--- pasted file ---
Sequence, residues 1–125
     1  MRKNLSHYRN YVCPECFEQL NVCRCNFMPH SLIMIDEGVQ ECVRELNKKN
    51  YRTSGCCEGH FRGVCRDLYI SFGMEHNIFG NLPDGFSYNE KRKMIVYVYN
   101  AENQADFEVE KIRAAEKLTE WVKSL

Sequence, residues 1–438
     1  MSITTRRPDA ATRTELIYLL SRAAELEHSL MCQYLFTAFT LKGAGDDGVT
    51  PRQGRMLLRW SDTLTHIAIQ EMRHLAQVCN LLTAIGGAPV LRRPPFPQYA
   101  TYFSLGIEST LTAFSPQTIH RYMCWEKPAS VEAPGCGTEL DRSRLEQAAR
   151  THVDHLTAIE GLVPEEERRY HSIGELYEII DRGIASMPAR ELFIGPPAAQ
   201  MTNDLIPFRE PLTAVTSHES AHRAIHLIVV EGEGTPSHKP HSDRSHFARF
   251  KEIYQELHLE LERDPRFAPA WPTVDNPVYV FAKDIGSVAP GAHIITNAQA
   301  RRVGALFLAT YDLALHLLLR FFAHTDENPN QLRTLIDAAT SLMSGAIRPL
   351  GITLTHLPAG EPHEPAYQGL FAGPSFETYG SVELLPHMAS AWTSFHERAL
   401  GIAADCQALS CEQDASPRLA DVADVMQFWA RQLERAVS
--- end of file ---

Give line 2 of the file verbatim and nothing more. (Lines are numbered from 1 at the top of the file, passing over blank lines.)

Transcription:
     1  MRKNLSHYRN YVCPECFEQL NVCRCNFMPH SLIMIDEGVQ ECVRELNKKN